Music History

Hear The Dave Grohl Demo That Spawned Songs For Nirvana, Foo Fighters & Melvins

Grohl's 1992 demos under the pseudonym 'Late!' reveal the origins of the songwriting talent that became Foo Fighters

Foo Fighters Dave Grohl

Photo by Andreas Lawen

Foo Fighters are a band that grew from humble beginnings into one of the world’s biggest stadium rock acts. Before the project was a band at all, Dave Grohl developed his songwriting skills with simple solo demo recordings. One batch of demos, released under the pseudonym Late!, was a ten-song cassette titled Pocketwatch (listen below).

Dave Grohl was the drummer in the Virginia punk band Scream during the period of 1986–1990. It was during these years that Grohl recorded some of the songs that landed on the Pocketwatch cassette. The first six songs on Pocketwatch were recorded in 1990 with Barrett Jones at Upland Studios in Arlington, Virginia.

Grohl explained his collaboration with Jones during a 2011 interview with Time Out Chicago. “My friend, Barrett Jones, he had an 8-track studio in his basement,” said Grohl. “Before I was in Nirvana, when I was in Scream, I would go over and record a lot of drums on a lot of his music. I realized, wait a second, I could probably record a song all by myself, if he would let me. Then I’d say, Barrett, can I please use the last minutes of tape? And I’d record a song just by myself. I’d do the drums first and then guitars and bass.”

Jenny Toomey is a musician and a co-founder of the defunct cassette label Simple Machines. When Toomey heard Grohl’s cassette, she invited him to release a recording on her label. According to Grohl, “When she asked me if I wanted to do it, I said, yeah, sure, but I don’t want to call it the Dave Grohl Band. Let’s call it something else. Oh, I called it Late!, because I’m an idiot and I thought it would be funny to say to everybody, ‘Sorry, we’re Late!'” It’s an early example of Grohl’s sense of humor, which would later emerge in goofy Foo Fighters videos like ‘Learn to Fly’ and the Mentos spoof ‘Big Me.’

Scream broke up in 1990. Later that year, Melvins leader Buzz Osborne connected his friend Dave Grohl with Nirvana, who were seeking a drummer. Grohl traveled to Seattle for an audition and joined the band shortly thereafter.

Recordings from Grohl’s sessions with Barrett Jones would be combined with songs from a second recording session on Pocketwatch. In the summer of 1991, Dave recorded tracks with producer/engineer Geoff Turner at WGNS Studios in Arlington, Virginia. According to Simple Machines, Grohl “recorded about 10 songs, playing all the instruments himself.” Four of those tracks would become the second half of Pocketwatch.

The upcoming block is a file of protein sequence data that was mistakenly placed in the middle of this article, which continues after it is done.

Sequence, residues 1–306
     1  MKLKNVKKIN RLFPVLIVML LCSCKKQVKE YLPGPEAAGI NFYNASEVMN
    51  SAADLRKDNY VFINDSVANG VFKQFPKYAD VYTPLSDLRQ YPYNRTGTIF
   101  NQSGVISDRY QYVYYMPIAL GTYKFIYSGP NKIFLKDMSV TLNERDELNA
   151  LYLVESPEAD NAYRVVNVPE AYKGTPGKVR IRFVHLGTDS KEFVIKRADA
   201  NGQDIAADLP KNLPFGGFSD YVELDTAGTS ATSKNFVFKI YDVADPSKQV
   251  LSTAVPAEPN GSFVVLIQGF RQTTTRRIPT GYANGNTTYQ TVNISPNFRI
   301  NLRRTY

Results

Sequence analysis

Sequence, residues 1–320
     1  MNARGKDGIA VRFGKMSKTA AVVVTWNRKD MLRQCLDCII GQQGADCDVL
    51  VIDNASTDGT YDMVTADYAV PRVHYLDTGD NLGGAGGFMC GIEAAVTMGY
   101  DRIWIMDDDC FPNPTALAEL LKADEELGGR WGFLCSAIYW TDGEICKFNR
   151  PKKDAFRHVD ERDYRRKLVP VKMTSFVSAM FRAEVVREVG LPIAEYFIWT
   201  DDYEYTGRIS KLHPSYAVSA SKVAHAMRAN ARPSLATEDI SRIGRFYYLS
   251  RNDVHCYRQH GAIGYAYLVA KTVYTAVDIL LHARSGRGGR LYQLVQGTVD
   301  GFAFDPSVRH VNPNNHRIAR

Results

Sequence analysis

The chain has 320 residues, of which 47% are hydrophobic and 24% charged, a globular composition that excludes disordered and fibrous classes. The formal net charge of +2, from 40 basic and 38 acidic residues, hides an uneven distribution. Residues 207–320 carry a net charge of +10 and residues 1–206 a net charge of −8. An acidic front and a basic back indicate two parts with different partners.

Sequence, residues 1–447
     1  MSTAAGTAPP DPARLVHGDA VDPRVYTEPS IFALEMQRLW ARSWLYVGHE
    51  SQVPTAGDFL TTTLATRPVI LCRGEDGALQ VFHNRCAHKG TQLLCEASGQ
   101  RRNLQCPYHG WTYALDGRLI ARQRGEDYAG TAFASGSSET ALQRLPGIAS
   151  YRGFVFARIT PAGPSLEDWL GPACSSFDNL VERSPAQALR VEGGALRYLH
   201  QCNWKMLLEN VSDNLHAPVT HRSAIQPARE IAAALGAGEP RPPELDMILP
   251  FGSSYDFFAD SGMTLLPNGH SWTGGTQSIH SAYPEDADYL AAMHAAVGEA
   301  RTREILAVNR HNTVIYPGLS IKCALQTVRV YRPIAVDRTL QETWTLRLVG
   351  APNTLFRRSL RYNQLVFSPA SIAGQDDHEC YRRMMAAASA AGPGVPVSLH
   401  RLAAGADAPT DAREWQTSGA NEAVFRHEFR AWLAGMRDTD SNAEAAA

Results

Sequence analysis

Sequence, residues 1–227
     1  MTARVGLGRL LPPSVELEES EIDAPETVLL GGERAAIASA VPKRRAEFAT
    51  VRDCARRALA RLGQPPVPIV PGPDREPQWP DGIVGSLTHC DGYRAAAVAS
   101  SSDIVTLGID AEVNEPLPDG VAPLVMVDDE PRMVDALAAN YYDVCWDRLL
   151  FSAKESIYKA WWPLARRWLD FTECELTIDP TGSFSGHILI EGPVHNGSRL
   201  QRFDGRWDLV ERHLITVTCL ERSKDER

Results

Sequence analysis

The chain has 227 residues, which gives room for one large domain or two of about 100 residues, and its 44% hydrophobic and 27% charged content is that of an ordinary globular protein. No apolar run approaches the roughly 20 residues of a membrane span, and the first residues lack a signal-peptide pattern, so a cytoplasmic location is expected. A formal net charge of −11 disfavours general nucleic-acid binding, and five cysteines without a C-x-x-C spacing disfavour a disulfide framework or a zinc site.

The Late! Pocketwatch cassette was released on Simple Machines in 1992 – the year after the release of Nirvana’s smash hit Nevermind. “At one time, [Toomey] was getting a lot of requests for [the Pocketwatch cassette],” says Grohl, “and she was literally dubbing them on a double cassette deck in her bedroom.”

The Pocketwatch cassette contains several tracks that will be familiar to fans of Nirvana, Melvins and Foo Fighters. ‘Color Pictures of a Marigold’ – notable for its intimate vocals and tender acoustic strumming – was later released as ‘Marigold’ on the b-side of Nirvana’s ‘Heart-Shaped Box’ single. ‘Marigold’ carries the unique distinction of being the only Nirvana song that was neither written nor sung by Cobain.

On ‘Just Another Story About Skeeter Thompson,’ Grohl tells an absurd story over a heavy dirge. The track was also released in 1992 on Melvins leader Buzz Osborne’s King Buzzo EP. Skeeter Thompson was the bassist of Scream.

‘Winnebago’ was later re-recorded and used as a Foo Fighters b-side on the ‘Exhausted’ single and other releases.

According to the Dave Grohl biography This Is a Call, the Pocketwatch song ‘Friend of a Friend’ was “written on Kurt Cobain’s couch in the small hours of a bleak mid-winter; it’s a sensitive, tender observation of the intimate friendship between Cobain and Novoselic, the songwriter who ‘plays an old guitar, with a coin found by the phone‘ and his more gregarious, sociable best friend who ‘thinks he drinks too much.'” Grohl re-recorded ‘Friend of a Friend’ for the 2005 Foo Fighters album In Your Honor.

dave grohl pocketwatch cassette late

Dave Grohl’s ‘Pocketwatch’ Cassette

Kurt Cobain died in 1994, sending Grohl (and millions of Nirvana fans) into mourning. Roughly eight months later, Grohl decided to record some songs by himself. In the documentary Foo Fighters: Back and Forth, Grohl says, “I decided that I was gonna take my favorite songs that I had written over the last four or five years – that no one had heard – and I was going to record them at a 24-track studio down the street from my house. And it was really exciting because I was doing it totally by myself.” That recording, made entirely by Grohl, became the Foo Fighters’ self-titled 1995 debut album.

The Pocketwatch cassette is a rough batch of song demos, some of which became associated with Nirvana, Foo Fighters, and Melvins. It is not a Foo Fighters project. However, it is an audio portrait of Dave Grohl’s DIY songwriting and recording skills – skills which Grohl would develop into Foo Fighters’ debut and the chart-topping band that followed.

Listen to Pocketwatch by Late! here:

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